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      Dear Rebecca, Your letter breaks my heart! I want you to know that I am praying for you. Do realize that your husband is hurting too. I encourage you, from my own marriage of 18 years and two children, one miscarriage, and my own times of disappointing my husband, through an emotional attachment to another man, and he, me, through his attachment to porn, that, whatever he says and does is a reflection of his pain, his hurt, his anger, and his question, “Do you love me? Are you there for me?” Men need to be held and affirmed and assured too. It is your responsibility, at this point, to come back with, “I love you, honey, and I will be here for you. I am committed to you and to our marriage. ” And then, mean it. Ask him what he wants for supper and cook/bake it. Tell him that you will move if he gets the job and that wherever he goes, you’ll go….it doesn’t matter if it’s 5 times in 5 years. Let him know that he’s the man who counts in your life. Assure him that you’ve learned how important it is to keep him #1. (I wish we could have moved…I’d have crossed the ocean if I could have, but my husband’s job kept him here, and I went through two horrible years of depression.) What I’ve learned from it all is to do everything that I can to connect with my husband. We found some projects that we both enjoy, editing articles which we make into a game of seeing who can find the most mistakes and catch what the other person missed, music is something that we play together, and sing together. We have very different hobbies, his is all on the computer, genealogy and studying, listening to news, and I like sewing, crocheting, knitting, etc. but we both enjoy gardening, so we do it together and separately, but if he pulls weeds, we make it a point to admire the other one’s hard work and thank them for it. And we make decisions together. I know what you mean about no one intending….I also thought that would never be me, but some circumstances and my gift of compassion took me there. Above all, guard your heart and put a lock and key on it! And assure your husband that you have, but understand if you need to spend a few more years proving to him your steadfast love and loyalty to him. Love will win! Prayers for you!!! Recognize that this move may be God’s way of getting you into a new situation where you will have more support, old friends, etc. I know what it’s like to go through a church split, and to have no family near. All are hours and hours away! Most are a two-day drive away from us. 21-24 hrs. driving time, and we’ve lost parents too.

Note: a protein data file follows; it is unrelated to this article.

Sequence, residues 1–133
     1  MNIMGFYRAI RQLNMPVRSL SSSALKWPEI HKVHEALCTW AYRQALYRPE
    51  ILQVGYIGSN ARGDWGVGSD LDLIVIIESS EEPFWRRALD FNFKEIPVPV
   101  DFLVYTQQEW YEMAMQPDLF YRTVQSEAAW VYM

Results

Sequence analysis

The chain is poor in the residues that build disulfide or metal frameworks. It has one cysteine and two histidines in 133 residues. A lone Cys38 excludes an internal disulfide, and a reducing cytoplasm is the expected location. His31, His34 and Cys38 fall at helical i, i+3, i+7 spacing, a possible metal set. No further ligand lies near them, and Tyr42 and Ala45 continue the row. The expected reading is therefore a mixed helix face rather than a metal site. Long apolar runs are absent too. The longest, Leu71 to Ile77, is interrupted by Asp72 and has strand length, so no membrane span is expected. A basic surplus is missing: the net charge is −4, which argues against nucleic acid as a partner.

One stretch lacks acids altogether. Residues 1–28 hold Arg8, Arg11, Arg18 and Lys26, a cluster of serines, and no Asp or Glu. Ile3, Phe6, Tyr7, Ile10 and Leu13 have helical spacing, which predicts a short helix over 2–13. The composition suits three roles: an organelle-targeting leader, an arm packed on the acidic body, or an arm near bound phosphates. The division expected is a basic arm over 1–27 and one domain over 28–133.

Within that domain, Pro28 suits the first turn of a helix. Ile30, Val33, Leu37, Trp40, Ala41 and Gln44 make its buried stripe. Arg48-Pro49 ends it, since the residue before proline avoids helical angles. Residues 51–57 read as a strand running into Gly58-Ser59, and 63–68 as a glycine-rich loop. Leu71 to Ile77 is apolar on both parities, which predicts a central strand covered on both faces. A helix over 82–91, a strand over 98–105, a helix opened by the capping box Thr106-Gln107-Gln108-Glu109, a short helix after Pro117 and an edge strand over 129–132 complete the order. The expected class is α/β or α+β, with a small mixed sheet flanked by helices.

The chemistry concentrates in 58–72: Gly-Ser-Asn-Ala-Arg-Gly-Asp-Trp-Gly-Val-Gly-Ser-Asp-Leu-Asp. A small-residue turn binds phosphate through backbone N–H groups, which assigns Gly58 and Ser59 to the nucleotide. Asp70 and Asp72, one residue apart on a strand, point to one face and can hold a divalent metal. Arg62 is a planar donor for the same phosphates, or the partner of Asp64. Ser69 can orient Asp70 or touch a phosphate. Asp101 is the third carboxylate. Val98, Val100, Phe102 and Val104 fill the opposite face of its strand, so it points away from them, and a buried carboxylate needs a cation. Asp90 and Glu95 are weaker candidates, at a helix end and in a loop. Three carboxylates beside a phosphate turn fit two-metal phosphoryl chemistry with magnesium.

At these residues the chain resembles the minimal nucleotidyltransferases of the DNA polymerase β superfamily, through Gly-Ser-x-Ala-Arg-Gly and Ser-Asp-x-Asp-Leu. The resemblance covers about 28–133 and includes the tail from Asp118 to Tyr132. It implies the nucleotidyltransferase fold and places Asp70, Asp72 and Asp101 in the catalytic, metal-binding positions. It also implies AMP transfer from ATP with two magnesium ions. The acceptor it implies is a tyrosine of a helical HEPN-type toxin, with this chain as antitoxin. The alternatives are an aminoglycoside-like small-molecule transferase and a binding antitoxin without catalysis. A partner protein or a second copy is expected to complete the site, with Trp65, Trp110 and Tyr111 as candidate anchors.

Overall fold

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        Rebecca says: